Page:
We’ve seen it happen before. … If that same cycle continues โ€” and history suggests it will โ€” the next step will be Samsung and other manufacturers scrambling to catch up to Google’s new guarantee. It’s a ripple effect that benefits us all, no matter what flavor of phone we prefer.

And here we are, a mere matter of months later.

The significance of a Galaxy-sized guarantee

Google stepping up the software update standard for Android is one thing. But let’s be honest: While Google may the gate-keeper, Samsung is still the undisputed king of the Android ecosystem. It’s responsible for the lion’s share of Android phone sales, particularly in the US, and its influence over the rest of the mobile market is outsized to match.

So while Google’s move may have started a transformative change, Samsung’s seconding of that motion is likely what’ll turn it into an unavoidable expectation โ€” and, eventually, a new standard every phone-maker will be pressured to follow.

That includes even Apple, who โ€” in spite of its fondness for frequently tooting its own magical horn โ€” doesn’t actually make any explicit guarantees about its software support period. (The company tends to provides iOS updates for around six years, according to recent analyses โ€” and with lots of disadvantageous asterisks our iLords would rather not acknowledge.)

So just as we said when Google made this move last October, this change is massively consequential โ€” not only for the benefits it’ll bring to those who buy Samsung’s Galaxy S24 phones in an immediate sense but also for what it could mean for the rest of the mobile ecosystem in the months and years ahead.

And lest you think software updates are much ado about nothing, remember: Even with standalone security patches in the equation, operating system updates provide extraordinarily significant under-the-hood improvements related to the critical areas of privacy, security, and performance. So they absolutely do matter, on many levels beyond just the basic surface-level stuff. They introduce both expansions and restrictions to APIs, which are what permit third-party apps to interact with your phone and personal data and perform a variety of advanced functions. They make our phones faster, safer, and more efficient to use.

As I’ve said before, Android OS updates are so important that I would never suggest anyone keep using a phone that isn’t actively receiving ’em in a reasonably timely manner.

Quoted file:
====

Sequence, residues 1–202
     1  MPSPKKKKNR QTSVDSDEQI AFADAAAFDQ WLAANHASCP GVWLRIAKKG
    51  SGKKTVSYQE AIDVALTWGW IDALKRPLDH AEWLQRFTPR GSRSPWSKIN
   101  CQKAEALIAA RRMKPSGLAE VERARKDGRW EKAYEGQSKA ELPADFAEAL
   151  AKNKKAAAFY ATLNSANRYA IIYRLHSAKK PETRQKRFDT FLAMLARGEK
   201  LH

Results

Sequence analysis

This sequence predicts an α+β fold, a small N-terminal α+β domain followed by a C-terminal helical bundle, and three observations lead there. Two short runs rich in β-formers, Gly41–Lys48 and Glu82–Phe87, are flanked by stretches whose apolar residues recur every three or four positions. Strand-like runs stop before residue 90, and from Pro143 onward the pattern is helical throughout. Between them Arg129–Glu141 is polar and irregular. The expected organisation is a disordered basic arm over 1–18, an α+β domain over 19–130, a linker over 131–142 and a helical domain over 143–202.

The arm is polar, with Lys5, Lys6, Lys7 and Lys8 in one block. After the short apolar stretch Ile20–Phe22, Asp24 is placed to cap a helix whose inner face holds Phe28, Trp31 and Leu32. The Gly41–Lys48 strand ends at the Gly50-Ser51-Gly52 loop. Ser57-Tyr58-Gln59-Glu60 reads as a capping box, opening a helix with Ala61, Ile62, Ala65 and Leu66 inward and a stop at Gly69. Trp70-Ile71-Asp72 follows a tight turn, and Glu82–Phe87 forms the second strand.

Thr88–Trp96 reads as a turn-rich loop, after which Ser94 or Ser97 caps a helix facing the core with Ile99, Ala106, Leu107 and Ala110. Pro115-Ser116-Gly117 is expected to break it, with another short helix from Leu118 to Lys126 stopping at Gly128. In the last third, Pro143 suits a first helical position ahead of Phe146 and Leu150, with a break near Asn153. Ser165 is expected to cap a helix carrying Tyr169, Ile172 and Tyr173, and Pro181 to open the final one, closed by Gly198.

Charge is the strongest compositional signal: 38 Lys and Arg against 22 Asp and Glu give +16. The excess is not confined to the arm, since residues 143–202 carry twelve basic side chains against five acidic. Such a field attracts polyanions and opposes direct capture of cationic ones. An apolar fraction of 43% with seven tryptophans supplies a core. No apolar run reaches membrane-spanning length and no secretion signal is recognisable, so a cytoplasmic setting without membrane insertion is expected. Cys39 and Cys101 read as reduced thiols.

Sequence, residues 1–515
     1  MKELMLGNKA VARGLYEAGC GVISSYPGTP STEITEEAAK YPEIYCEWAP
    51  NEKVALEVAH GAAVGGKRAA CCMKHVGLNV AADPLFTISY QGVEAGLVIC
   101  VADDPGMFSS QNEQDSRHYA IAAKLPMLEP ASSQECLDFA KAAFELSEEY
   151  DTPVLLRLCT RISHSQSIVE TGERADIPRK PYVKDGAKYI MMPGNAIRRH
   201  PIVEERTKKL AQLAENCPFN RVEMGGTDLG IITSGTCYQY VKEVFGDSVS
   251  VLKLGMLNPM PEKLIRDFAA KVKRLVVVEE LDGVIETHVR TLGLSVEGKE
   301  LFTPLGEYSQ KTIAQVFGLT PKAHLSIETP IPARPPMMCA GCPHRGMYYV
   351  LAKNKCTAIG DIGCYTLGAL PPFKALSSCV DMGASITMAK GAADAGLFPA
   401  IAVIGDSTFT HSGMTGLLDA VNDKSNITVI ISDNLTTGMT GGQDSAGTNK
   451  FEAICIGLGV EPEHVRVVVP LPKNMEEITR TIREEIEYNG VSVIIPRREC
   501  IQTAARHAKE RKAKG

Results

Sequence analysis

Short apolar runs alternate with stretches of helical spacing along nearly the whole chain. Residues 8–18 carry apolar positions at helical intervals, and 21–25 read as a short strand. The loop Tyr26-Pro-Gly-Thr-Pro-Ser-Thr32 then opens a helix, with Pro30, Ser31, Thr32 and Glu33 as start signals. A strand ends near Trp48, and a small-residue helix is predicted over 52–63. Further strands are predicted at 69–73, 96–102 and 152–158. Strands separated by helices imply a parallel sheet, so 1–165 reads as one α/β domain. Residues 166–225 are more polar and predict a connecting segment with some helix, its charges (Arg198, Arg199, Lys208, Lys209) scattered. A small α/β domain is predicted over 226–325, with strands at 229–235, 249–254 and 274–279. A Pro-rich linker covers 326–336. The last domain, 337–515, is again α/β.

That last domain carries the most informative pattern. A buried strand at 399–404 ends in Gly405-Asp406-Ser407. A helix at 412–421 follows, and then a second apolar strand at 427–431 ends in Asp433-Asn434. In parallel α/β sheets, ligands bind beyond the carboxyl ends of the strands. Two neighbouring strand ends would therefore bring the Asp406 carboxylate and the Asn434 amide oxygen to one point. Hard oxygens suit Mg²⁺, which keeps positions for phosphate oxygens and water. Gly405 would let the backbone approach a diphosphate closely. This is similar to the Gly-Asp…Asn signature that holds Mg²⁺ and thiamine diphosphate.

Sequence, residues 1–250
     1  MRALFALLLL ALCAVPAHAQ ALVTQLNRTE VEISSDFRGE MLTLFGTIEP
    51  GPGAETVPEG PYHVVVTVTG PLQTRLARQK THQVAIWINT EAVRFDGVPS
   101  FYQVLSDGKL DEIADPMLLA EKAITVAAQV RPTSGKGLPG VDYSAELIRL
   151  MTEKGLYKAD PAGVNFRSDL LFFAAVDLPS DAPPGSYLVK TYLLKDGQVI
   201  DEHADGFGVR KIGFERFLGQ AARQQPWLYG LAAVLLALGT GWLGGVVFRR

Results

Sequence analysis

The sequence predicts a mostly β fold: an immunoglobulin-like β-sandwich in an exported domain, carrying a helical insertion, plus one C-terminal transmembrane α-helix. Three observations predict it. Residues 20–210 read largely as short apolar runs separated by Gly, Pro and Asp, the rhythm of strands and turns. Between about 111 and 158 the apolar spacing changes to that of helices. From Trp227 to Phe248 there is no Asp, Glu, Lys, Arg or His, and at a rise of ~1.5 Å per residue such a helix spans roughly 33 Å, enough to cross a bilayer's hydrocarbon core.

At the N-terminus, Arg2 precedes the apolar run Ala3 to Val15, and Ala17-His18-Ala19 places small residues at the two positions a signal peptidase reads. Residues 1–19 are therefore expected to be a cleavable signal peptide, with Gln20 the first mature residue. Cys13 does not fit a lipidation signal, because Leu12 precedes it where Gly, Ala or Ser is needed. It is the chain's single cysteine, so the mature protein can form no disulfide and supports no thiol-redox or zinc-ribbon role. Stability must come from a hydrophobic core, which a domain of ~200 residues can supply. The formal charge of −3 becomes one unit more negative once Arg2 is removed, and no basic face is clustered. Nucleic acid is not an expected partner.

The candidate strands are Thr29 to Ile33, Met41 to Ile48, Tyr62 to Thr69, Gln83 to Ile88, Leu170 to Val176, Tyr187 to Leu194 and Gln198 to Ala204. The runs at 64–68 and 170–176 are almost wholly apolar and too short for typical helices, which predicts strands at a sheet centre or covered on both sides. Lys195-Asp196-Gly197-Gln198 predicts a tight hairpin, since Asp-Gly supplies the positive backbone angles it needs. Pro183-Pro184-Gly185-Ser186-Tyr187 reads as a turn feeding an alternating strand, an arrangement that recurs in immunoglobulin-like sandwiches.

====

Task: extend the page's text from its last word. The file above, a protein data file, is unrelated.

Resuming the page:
And it doesn’t stop there, either: By extending a phone’s lifespan to seven years, a phone not only becomes viable and advisable to use for longer; it also becomes more affordable. Think about it: If you’re paying 800 bucks for a shiny new Galaxy S24 in 2024 and keeping the phone for only two years, you’re effectively paying 400 bucks per year that you’re using the thing. At four years, that per-year price goes down to $200. At seven, it shrinks down to a measly $114 for each circle around the sun that you’re actively pawing the thing.

And even if you don’t plan to hang onto the device for so long yourself, its resale value will increase accordingly โ€” since the phone is guaranteed to remain current and continue receiving not only important foundational enhancements but also all those nice new features and interface improvements for such a long span.

Now, as my annual Android Upgrade Report Cards remind us, Samsung still has its work cut out for it when it comes to making those updates consistently timely and reliable. That’s especially true with its older devices, which tend to get treated like second-class citizens in Samsung’s rollout schedule. I’m experiencing that firsthand as we speak with my poor Galaxy S21, which is still waiting to receive its Android 14 update, now 107 days since that software’s release. That kind of extended and indefinite waiting is often the case even with a one-year-old, previous-gen Samsung flagship, too, so I hate to think what kind of delays folks with five-, six-, or seven-year-old Samsung phones might face in the future.

Google, in contrast, typically sends out software to all of its current Pixel devices at the same time โ€” including not only older models but also the lower-priced, non-flagship-level “a”-range phones. It’d be nice to see Samsung start to take a similar approach and treat all of its products as equal priorities.

But make no mistake about it: Caveats and all, the shift to seven years of full software support for the company’s top-tier Android devices is a huge leap forward and an admirable new beginning. And odds are, we’ll be seeing the ripple effects of that move spread across the entire Android pond โ€” and quite possibly beyond โ€” for a good long while yet.